Rich - I'll talk to constituents in whatever manner they want, privately or public. Regarding public projects I believe in written transparency.
I don't understand why more information regarding the prison project's breakdown of cost and future operating costs and where that money is coming from isn't listed on the county website if the project is going into the designing phase, according to Landers.
Sam, maybe the final break down on the cost will have to wait until the final plan is developed and set. Maybe you should call your County Legislator and ask when it will be available. You can also contact the Assistant County Manager and ask him.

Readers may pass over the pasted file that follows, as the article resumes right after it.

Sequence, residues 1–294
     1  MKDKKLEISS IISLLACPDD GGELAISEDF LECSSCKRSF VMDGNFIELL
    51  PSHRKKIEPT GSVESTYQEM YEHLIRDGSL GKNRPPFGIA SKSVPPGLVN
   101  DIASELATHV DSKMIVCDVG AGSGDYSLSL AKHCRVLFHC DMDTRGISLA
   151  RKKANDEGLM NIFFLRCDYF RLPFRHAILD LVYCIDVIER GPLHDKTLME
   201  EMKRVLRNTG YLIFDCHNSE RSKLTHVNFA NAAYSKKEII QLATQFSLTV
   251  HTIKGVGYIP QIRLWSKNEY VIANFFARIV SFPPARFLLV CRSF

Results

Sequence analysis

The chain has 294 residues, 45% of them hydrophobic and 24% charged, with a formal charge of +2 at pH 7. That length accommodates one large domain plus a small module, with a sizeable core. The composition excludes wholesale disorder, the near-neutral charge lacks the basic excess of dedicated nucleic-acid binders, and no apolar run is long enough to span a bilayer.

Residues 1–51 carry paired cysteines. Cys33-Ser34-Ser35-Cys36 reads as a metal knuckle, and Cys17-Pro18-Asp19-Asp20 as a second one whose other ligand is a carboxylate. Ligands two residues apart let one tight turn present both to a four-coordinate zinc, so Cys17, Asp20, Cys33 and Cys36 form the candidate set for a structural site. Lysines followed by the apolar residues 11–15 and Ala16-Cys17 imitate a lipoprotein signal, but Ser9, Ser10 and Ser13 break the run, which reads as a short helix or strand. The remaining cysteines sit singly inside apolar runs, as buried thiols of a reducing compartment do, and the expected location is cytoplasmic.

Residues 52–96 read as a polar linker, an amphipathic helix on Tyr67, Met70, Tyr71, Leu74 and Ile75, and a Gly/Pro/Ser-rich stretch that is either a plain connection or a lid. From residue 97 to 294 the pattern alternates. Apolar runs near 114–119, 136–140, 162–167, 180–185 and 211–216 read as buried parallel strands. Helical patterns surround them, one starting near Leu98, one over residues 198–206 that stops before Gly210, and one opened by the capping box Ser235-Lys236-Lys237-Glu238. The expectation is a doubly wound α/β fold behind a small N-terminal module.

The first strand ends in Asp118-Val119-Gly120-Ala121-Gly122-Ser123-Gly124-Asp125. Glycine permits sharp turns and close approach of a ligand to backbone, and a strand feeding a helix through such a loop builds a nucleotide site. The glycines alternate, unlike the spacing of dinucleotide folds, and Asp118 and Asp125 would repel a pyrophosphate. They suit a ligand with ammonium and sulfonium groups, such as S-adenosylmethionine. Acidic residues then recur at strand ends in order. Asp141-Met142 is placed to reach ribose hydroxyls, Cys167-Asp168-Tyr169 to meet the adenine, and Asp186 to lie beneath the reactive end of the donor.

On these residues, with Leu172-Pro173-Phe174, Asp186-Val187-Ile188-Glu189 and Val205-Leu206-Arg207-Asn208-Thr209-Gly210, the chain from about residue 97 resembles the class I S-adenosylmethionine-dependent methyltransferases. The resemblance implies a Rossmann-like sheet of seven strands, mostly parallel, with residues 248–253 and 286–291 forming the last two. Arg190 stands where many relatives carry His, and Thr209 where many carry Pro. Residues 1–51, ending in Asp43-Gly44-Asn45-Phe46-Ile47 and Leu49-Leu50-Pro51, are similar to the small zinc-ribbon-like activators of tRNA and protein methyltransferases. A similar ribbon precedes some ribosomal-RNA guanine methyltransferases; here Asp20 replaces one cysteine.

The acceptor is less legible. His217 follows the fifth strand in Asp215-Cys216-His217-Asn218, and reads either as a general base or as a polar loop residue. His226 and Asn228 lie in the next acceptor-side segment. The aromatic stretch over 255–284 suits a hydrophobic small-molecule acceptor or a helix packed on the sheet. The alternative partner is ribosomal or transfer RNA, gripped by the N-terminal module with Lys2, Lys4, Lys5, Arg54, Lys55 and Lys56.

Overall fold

Sam, seven comments have passed, and we're back to you don't understand? People here are trying to help you understand with valid suggestions. You are the one who first commented with concerns. Forget for a moment that you are a candidate running for Batavia City Council. Are you willing as a concerned citizen in the 'spirit of transparency", to ask the Assistant County Manager for the answers you seek, and then share them with us? Or must it be with a sit down with the conditions you emphatically put forth in your Post #3?
John - You're right; it may have to wait until then. I assumed that any large scale plan would have at least a preliminary budget plan or a general outline that was on the county's website, similar to how a school budget is on their website.